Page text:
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The advertised pin weight was just under 1100 I think, something like that. I just weighed what we put in and referenced the ratio from there. I think it was 7100 lbs empty, so my ratio was about 15%. So yeah, I'm guessing. I planned on weighing it this past summer, but what a dumpster fire this year has been. I have a class A CDL and I tow all the time for work so I've got a good handle on staying safe. I just need another year or year and a half before I can upgrade the TV. While I'm thinking about it, do you feel your TV will pull a regular Montana. We're really liking the 3120rls. I know the Super Duty I'm looking at will have a payload in the mid 4k pound range, so we're good there. But I'm definitely looking very hard at the 7.3l gas with the 4:30 rear end. Plus, I doubt I'll have the max cargo capacity on the trailer. We're going to be part-timers, probably 6-7 months a year.
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Old 10-23-2020, 02:30 PM   #11
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Originally Posted by LERD View Post
The advertised pin weight was just under 1100 I think, something like that. I just weighed what we put in and referenced the ratio from there. I think it was 7100 lbs empty, so my ratio was about 15%. So yeah, I'm guessing. I planned on weighing it this past summer, but what a dumpster fire this year has been. I have a class A CDL and I tow all the time for work so I've got a good handle on staying safe. I just need another year or year and a half before I can upgrade the TV. While I'm thinking about it, do you feel your TV will pull a regular Montana. We're really liking the 3120rls. I know the Super Duty I'm looking at will have a payload in the mid 4k pound range, so we're good there. But I'm definitely looking very hard at the 7.3l gas with the 4:30 rear end. Plus, I doubt I'll have the max cargo capacity on the trailer. We're going to be part-timers, probably 6-7 months a year.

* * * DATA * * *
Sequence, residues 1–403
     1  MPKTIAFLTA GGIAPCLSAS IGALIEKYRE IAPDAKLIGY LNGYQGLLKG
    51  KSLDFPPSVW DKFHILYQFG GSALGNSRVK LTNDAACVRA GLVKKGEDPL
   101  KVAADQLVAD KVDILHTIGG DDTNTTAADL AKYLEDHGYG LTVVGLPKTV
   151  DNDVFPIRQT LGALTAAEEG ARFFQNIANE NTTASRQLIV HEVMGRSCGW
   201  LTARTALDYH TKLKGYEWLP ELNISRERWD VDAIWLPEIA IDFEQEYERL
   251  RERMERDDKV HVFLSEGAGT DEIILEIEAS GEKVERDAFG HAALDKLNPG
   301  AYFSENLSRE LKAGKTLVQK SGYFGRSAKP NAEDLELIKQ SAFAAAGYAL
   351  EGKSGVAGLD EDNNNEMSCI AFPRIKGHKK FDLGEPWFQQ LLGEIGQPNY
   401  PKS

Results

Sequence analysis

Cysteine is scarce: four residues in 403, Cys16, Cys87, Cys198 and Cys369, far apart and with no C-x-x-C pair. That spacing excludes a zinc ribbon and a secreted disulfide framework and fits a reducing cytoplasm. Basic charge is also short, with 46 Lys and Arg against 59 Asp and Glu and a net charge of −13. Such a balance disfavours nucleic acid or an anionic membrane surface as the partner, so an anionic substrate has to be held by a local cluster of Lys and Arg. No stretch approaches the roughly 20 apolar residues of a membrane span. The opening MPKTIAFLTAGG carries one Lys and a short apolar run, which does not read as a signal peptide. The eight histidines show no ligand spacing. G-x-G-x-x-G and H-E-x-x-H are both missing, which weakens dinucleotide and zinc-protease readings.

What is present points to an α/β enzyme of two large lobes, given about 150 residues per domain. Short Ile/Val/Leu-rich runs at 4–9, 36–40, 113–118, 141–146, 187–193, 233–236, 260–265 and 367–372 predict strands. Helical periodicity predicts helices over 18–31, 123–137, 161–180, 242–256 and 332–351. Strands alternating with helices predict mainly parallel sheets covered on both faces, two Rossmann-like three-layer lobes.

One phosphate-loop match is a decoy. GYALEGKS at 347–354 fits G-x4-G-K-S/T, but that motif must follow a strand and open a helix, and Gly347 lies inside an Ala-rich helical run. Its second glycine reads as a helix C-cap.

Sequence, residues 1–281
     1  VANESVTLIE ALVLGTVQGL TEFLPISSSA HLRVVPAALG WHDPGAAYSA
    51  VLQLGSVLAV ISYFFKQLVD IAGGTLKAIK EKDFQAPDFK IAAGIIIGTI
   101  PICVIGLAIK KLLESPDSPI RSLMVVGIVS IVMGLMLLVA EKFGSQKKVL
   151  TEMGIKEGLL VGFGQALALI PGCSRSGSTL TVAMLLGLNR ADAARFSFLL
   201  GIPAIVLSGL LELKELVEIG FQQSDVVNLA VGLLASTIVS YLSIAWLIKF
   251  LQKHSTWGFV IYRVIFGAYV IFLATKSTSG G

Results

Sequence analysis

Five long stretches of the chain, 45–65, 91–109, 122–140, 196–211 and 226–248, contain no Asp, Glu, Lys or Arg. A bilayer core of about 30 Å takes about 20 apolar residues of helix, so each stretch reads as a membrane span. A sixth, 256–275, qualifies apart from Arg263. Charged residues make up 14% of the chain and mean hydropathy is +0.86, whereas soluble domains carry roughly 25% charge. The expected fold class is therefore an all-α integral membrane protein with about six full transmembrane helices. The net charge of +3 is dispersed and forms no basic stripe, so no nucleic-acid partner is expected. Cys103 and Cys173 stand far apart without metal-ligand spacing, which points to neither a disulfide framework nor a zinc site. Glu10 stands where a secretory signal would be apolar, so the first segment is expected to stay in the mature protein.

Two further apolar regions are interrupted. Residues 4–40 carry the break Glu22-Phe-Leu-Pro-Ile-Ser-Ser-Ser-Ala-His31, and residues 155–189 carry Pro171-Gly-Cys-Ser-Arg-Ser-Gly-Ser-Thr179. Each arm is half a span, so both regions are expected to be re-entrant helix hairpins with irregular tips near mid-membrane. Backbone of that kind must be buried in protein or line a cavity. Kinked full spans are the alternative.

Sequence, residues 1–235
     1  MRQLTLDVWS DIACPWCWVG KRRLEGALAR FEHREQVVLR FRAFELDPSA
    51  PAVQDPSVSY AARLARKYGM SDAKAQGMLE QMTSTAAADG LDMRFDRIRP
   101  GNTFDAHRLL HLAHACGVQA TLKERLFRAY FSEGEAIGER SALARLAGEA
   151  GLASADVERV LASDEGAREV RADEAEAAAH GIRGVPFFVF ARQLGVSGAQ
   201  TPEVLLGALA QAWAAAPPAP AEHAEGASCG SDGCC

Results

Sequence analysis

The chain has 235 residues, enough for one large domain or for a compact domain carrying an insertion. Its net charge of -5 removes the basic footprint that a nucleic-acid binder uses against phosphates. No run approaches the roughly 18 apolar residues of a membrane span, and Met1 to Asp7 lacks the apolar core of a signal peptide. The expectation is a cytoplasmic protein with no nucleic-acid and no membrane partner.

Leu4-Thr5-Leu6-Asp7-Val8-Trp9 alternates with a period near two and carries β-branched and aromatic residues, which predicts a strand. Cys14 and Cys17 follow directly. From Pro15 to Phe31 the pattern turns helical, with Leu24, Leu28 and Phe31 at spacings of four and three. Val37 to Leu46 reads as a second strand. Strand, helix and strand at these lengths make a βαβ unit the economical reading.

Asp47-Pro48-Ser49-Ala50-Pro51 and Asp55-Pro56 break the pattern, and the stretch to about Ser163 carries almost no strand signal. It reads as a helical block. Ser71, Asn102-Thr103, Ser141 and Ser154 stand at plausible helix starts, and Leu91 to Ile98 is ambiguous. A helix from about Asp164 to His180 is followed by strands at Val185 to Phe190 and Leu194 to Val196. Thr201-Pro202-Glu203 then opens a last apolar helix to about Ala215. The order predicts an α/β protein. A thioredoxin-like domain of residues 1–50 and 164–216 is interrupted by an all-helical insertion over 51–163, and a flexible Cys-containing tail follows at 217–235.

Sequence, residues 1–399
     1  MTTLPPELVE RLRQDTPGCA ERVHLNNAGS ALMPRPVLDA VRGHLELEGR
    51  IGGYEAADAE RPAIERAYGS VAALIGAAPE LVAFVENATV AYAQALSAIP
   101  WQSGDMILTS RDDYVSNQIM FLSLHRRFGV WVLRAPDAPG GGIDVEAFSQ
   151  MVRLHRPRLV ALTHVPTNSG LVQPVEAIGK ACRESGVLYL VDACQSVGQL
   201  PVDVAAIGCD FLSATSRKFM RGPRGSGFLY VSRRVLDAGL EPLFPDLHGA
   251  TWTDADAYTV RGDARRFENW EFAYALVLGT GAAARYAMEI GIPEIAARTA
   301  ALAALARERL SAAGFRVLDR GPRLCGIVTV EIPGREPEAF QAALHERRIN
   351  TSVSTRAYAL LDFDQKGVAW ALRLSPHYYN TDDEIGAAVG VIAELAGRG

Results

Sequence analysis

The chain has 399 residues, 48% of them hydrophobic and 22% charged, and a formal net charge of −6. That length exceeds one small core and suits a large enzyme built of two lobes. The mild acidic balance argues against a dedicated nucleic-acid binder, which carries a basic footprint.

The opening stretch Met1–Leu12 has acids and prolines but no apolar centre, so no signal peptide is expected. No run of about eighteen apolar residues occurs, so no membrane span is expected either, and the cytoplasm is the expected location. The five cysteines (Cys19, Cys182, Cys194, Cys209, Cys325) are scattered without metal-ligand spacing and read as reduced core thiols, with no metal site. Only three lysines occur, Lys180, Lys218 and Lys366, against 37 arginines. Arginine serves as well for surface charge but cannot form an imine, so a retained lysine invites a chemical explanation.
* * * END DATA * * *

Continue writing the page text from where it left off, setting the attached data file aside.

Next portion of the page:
You don't list your year Copper Canyon 25FWRLS so when I was looking the few years I looked at were a heavier pin weight. Unlike a box trailer or tanker in the RV industry the "empty" weight is the weight as it came off the manufacturing floor. That weight doesn't include the dealer installed items such as the propane tanks, batteries, spare tire, etc.

You also have to factor in the weight of the hitch and anything else that has been installed or placed into the truck against the truck's payload. I don't know which "Super Duty" you are looking at as Ford calls everything between a F250 to an F450 with dual or single rear wheels and many trim levels for all of them.
The quote "Plus, I doubt I'll have the max cargo capacity on the trailer." can be a slippery slope. Most folks that get into RVs tend to experience "weight creep" where the stuff accumulates and before you know it you end up pushing the trailer's weight limits. Just speaking from my personal experience and observations.
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Old 10-23-2020, 03:34 PM   #12
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I understand about that slippery slope. I'm looking at the F-350 SRW CCSB. With the right equipment, the payload will be about 4400 lbs. The Montana stops at 16k, and the empty pin weight is 20% of the unloaded weight. So travel pin weight would be 3200 lbs. I plan on using the Anderson hitch and the wife and I, well I won't get into that! Lol. So I know the payload is good, and Ford says this truck with that engine and axle will tow 20k pounds gooseneck and 18k pounds as a 5th wheel. I'm just still just a little unsure about fuel choice. But I'm sure it'll be a good fit. If I was full time, I would definitely go diesel. I guess I'm just working my thought process out loud. Sorry about that. But I always appreciate everyone's help and experience.
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Old 10-23-2020, 03:42 PM   #13
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There have been many, many diesel vs gas discussions, some very recently. There's plenty of opinions and lot's of available discussions. Bottom line in my thinking is what it's worth to you and how you will use it.